Schedule Your Priorities

"Time is what we want the most, but use the worst." -- William Penn

Have you ever begun your week committed to take action only to arrive at Friday realizing that it didn't happen? This was the week that you were going to apply for that job, start that blog, write that business plan, or start writing your book. You tell yourself that even though you missed this week, you will get it done next week. Sadly, next week goes by and you have the same result. You are an intelligent, goal oriented go getter, so why didn't you follow through? 

The reason for your lack of follow through can be summed up in one word: LIFE. 

The normal demands of life can throw you off course. These demands can come from family, career, friends, or the organizations that you belong to. Modern technology makes it easier to be thrown off course now that we have cell phones, email, text messaging, and social media. We live in an era of instant access and interruptions are only one click away. So how do you accomplish your priorities in spite of all of these interruptions? 

Scheduling your priorities in advance is the key to success. Below are my three steps to scheduling your priorities:

1. Identify the Priority 
What are the tasks that if accomplished will help you to achieve your ultimate goal? To accurately identify your priority, you must use what I call "The line up" test. If the task does not "line up" with the ultimate vision and goals you have set for yourself, then it should not be considered a priority. For example, if your ultimate vision is to be an entrepreneur, then the task of writing a business plan passes the line up test and should be given priority status.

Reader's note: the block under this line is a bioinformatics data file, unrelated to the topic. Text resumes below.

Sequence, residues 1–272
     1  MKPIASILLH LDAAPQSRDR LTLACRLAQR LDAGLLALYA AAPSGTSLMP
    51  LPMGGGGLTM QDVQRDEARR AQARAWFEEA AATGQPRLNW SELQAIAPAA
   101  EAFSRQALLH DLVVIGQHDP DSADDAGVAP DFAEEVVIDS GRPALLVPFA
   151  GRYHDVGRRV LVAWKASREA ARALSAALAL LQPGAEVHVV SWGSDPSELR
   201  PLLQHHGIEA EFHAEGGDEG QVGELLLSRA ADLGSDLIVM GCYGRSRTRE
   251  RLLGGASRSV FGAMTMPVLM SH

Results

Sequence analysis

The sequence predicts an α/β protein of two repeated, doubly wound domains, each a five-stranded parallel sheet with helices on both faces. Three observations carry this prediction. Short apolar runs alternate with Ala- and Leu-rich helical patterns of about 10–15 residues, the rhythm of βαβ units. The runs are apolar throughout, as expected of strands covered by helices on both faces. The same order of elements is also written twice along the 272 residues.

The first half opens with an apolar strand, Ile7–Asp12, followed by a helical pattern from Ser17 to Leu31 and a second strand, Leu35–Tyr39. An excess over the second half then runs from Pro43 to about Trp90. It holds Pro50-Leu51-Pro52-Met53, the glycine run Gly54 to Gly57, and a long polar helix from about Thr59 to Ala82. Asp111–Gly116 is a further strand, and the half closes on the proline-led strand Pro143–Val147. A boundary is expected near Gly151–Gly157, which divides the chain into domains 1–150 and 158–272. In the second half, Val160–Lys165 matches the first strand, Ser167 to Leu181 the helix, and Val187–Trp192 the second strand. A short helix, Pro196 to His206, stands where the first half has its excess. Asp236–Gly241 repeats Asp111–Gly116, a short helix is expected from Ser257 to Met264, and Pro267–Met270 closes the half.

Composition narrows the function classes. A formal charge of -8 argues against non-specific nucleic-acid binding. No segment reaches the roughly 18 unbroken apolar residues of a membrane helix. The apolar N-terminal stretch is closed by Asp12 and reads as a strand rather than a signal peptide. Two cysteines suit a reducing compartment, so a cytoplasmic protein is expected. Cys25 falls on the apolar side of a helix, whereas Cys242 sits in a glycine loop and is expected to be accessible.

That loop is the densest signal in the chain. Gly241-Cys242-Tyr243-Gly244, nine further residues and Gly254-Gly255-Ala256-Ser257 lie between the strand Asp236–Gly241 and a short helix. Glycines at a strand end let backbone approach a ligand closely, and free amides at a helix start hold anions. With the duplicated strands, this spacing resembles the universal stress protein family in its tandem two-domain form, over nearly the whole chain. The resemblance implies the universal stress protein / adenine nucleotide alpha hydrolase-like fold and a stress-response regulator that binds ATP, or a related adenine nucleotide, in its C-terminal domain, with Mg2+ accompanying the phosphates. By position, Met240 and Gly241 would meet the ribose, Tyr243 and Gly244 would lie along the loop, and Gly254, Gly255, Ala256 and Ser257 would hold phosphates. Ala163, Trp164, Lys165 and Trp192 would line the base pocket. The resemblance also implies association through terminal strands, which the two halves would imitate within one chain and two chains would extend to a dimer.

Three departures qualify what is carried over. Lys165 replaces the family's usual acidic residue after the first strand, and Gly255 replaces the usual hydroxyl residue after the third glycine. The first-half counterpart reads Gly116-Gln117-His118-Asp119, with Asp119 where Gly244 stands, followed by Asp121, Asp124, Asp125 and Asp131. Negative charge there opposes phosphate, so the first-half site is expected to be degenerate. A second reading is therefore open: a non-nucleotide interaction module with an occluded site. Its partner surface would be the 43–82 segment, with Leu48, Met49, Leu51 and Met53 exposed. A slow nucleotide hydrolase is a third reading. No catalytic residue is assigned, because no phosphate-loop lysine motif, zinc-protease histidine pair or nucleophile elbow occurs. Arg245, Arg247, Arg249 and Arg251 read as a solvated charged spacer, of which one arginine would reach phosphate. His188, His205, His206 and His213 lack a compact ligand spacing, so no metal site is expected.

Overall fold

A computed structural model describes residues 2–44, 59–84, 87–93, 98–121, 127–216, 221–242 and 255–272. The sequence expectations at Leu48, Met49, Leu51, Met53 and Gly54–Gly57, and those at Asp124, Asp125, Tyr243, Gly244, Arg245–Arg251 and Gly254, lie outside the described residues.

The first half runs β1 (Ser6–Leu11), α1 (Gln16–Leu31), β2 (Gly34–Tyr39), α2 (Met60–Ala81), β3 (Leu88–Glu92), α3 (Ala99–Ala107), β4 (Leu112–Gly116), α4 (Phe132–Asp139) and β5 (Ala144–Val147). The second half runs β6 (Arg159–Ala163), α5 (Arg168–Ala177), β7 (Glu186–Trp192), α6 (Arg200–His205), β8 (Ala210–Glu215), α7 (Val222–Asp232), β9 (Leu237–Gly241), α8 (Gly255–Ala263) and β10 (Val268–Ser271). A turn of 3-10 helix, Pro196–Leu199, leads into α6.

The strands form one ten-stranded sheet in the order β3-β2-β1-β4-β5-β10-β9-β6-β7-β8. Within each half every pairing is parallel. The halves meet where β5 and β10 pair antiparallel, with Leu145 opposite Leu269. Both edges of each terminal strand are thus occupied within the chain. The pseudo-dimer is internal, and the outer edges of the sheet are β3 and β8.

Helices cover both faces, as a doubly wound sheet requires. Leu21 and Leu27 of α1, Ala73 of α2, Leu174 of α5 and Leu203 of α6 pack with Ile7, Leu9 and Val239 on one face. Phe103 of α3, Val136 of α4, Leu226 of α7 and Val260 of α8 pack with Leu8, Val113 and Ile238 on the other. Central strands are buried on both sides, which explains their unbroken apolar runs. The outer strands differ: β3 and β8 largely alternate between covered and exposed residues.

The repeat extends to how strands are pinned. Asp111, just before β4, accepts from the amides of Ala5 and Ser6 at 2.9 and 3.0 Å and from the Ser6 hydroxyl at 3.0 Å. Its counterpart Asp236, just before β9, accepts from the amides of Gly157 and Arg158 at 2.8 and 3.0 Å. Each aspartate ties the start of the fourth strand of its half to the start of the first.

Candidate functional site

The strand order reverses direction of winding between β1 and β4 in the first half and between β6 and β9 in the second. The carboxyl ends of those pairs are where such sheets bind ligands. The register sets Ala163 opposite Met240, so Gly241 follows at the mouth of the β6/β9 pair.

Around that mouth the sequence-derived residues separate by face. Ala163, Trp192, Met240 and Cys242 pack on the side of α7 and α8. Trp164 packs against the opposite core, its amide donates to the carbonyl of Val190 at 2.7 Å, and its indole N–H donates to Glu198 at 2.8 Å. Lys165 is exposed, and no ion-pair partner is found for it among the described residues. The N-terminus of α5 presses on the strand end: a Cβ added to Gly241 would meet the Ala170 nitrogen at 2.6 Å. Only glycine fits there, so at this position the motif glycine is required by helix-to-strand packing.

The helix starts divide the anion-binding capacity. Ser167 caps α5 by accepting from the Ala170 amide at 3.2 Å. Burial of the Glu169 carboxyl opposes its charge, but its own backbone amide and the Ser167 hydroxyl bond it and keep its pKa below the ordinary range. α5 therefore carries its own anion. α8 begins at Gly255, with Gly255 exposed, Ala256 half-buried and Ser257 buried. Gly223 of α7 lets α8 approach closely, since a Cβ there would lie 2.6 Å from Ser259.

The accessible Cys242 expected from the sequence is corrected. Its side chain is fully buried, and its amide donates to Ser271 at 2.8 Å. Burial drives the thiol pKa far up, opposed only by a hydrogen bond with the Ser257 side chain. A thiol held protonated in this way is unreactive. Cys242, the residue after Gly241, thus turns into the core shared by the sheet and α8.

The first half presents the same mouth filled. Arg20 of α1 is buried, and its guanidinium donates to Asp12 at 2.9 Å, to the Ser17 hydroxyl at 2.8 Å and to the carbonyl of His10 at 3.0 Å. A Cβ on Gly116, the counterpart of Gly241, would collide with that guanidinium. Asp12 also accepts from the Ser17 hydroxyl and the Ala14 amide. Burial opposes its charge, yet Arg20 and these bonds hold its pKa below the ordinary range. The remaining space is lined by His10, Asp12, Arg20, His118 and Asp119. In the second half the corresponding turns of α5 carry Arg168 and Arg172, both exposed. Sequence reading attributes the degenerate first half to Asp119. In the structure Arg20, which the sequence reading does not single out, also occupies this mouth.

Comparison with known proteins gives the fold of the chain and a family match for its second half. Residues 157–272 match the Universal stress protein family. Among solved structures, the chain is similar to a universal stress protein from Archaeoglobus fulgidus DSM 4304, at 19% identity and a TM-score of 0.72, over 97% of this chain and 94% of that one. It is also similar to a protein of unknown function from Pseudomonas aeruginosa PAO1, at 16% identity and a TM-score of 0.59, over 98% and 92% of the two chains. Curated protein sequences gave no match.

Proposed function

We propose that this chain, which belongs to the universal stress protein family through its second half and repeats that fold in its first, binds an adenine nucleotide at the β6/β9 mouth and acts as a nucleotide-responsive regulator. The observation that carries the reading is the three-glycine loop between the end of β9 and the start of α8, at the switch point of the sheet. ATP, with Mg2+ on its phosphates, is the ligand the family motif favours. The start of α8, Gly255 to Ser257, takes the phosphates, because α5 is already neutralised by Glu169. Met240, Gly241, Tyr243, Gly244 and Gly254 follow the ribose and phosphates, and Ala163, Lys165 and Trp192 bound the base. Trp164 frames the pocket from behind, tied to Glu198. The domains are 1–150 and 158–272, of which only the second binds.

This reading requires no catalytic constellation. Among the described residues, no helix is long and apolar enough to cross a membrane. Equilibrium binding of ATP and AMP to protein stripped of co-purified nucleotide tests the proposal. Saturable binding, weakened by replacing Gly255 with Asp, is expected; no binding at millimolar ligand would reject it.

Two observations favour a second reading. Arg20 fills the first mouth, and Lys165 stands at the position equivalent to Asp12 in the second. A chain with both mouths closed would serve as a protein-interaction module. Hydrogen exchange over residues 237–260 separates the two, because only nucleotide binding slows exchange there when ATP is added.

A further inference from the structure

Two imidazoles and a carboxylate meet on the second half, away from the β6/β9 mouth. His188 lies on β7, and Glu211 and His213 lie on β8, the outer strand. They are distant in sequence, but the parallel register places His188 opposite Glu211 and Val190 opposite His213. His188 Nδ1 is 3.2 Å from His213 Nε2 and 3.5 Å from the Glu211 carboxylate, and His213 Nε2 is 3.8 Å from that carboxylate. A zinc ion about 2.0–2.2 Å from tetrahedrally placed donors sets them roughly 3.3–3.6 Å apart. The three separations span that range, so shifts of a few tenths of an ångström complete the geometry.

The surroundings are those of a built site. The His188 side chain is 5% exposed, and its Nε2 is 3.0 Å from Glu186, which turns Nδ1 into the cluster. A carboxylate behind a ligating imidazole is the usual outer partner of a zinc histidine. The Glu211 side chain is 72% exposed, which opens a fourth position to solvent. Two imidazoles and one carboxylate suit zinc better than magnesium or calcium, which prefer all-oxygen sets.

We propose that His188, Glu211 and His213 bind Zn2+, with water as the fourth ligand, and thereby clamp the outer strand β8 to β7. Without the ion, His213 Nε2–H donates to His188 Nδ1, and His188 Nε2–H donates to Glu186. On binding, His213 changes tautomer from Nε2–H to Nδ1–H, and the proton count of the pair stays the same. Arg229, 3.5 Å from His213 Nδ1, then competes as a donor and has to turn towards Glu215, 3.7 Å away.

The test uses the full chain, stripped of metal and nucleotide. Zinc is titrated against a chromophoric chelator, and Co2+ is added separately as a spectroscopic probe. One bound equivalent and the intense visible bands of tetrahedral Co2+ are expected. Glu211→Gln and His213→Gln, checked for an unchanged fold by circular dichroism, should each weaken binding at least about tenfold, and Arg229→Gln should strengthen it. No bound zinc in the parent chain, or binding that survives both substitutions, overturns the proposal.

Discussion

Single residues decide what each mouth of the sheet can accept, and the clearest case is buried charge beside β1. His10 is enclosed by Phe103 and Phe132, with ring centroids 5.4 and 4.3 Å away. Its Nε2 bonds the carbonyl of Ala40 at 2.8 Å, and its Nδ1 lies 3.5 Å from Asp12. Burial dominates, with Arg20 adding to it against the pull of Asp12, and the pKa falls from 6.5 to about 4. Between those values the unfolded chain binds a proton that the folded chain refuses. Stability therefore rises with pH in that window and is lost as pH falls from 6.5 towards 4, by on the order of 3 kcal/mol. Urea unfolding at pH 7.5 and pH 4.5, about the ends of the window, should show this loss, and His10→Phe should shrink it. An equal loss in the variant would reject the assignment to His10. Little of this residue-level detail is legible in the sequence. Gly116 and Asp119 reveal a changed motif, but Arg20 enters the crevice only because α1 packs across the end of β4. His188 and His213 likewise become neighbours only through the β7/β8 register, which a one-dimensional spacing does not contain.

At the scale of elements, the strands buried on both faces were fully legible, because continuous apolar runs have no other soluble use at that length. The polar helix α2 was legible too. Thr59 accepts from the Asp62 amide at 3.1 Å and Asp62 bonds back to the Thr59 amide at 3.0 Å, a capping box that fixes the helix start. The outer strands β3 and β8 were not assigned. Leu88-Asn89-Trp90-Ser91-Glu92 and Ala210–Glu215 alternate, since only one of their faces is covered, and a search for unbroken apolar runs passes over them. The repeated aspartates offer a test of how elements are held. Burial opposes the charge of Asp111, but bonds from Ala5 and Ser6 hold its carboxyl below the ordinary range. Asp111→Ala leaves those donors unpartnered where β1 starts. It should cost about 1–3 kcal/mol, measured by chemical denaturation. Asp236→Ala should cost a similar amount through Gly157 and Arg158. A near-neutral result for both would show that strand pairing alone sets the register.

2. Isolate the Time 
This is where you use a calendar to schedule in advance those tasks that are priorities for you. Depending on the task, you may need to schedule multiple days to complete it. There are three steps involved with isolating the time: First, set aside a minimum of a thirty minute block of time to get it done. Next, get a timer and set it to alert you once your time is up. The final step is to discipline yourself to not check email, send text messages, use social media, or do anything other than that task during the time you have isolated. 

3. Issue the Communication 
It is very important that you communicate with those around you and let them know that you are not to be disturbed during the block of time that you have scheduled. They will need to answer the phone and take messages on your behalf. This communication can be issued to family members, co-workers, employees, etc. The more advance notice you can give to those around you, the better results you will see. For example, Sunday's from 8:00pm to 8:30pm is the time that I have set aside to analyze my results from the previous week and to make plans for the upcoming week. My family members and friends know in advance I will not be available during this time because I have issued the communication to them.

So there you have it. If you commit to identifying the priority, isolating the time, and issuing the communication, you will be on your way to time management mastery! Remember, it takes twenty one days to form a habit so consistent focus is the key.